When Abortion Rights staged a protest outside Ann Widdecombe’s ‘Right to Life’ anti-abortion fundraiser recently, we were joined by some first-time pro-choice picketers and some new male recruits to the cause. We asked one of them for his thoughts:
AR: When did you know you were pro-choice?
Actually, it was after watching the film Juno. I started thinking about it more deeply and asked myself where I would draw the line: Do a few cells really have the same rights as a fully grown human? As a scientist, I also had to question the religious grounds of the pro-life argument. It’s a pretty wasteful system, if a creator really wanted us to make sure every possible opportunity to create life was successful, considering how much sperm is wasted…
When, if, how life starts isn’t black and white to me. Not only my scientific beliefs, but also my trust in people to make their own decisions makes me pro-choice.
AR: What did you think about your first pro-choice protest?
I was a little nervous that I would be the only guy there and maybe treated with some scepticism because I was mostly there to support my girlfriend. But I do support her and her right to make decisions about her own body.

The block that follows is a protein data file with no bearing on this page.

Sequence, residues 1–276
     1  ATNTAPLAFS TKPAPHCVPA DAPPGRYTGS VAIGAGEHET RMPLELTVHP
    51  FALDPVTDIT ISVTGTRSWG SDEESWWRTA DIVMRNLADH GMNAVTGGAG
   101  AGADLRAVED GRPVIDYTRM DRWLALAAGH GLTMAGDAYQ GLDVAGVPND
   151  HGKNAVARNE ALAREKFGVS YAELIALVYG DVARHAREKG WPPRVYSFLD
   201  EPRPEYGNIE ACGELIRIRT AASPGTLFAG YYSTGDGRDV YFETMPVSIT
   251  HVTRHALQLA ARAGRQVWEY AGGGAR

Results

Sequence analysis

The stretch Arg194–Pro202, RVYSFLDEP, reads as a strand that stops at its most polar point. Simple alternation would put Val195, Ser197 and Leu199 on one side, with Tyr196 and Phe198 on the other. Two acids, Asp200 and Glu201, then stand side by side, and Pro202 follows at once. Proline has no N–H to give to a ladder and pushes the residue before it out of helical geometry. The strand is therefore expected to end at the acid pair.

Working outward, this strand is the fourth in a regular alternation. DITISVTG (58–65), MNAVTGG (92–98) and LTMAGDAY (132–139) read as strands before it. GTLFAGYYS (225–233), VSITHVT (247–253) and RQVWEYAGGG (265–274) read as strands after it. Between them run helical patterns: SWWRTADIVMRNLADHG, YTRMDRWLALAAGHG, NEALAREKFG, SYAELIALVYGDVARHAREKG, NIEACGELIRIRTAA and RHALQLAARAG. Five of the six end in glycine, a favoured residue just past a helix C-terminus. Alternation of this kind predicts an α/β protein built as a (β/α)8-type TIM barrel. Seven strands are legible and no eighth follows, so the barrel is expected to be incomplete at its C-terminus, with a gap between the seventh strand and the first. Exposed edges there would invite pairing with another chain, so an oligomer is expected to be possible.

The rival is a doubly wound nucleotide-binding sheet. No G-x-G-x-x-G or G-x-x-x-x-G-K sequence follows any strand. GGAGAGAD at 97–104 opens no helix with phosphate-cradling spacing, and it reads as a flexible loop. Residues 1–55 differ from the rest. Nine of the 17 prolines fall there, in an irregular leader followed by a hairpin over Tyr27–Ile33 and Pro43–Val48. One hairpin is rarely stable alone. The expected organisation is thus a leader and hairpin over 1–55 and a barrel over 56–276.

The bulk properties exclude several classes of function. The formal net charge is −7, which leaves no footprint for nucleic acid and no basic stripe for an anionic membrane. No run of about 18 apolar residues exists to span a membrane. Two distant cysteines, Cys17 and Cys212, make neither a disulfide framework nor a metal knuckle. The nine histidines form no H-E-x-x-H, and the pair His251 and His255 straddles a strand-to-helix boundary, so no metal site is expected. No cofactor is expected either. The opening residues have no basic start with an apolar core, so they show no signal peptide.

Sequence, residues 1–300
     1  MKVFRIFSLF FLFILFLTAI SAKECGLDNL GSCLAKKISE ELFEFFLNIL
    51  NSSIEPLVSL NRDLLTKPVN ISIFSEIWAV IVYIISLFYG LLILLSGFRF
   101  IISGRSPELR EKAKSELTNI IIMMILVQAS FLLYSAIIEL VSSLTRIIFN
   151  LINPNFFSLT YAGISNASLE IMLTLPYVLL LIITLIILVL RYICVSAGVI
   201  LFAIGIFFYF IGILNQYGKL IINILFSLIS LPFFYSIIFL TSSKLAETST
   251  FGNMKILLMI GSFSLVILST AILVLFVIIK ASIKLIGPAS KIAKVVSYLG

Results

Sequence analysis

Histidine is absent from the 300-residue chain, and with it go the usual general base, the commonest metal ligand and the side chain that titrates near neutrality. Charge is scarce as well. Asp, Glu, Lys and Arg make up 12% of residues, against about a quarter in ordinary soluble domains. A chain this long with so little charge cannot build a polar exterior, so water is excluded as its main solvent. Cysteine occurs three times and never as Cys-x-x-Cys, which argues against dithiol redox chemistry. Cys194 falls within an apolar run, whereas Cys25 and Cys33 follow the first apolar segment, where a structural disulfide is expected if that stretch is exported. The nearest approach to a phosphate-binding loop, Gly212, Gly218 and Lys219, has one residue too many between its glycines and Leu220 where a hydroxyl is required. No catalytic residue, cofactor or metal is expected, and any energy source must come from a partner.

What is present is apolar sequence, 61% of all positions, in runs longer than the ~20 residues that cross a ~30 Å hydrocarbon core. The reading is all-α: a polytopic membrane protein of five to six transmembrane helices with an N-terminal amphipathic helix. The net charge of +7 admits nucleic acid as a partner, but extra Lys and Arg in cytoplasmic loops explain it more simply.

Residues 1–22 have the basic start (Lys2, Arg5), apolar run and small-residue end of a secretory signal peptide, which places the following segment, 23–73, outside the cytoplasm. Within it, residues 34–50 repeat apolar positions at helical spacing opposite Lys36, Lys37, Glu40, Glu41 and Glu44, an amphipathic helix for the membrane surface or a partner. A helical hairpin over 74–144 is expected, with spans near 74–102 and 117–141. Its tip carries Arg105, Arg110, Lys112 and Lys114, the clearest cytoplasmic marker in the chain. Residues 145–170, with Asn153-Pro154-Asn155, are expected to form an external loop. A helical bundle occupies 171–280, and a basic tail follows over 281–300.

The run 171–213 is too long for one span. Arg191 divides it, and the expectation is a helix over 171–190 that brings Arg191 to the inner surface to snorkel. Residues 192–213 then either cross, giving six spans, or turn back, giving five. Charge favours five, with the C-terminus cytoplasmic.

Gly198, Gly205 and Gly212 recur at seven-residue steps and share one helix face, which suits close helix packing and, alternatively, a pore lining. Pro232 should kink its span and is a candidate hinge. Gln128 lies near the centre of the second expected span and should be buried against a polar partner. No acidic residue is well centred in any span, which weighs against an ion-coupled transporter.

I thought it was important for both sides of the debate to be made visible. Peaceful protest is important. If you can’t afford celebrity endorsements and Mayfair hotels, you can at least afford a mug of cocoa and to stand out in the cold waving a sign.
AR: Be honest, did you join in the chanting and sign-waving?
I didn’t do much yelling, but I did hold a sign.
In all honesty, I was happy to see other guys attending and was encouraged by the age range, but a little disappointed by the lack of ethnic diversity. In the whole of London, there should really have been more people there.
AR: So are you a pro-choice campaigner now?
Abortion isn’t just a women’s issue. It’s a women’s issue and a man’s issue and a human issue. I certainly support the movement, but it would probably take the right to abortion to be threatened before I would go to another protest. Unfortunately, we all become a complacent.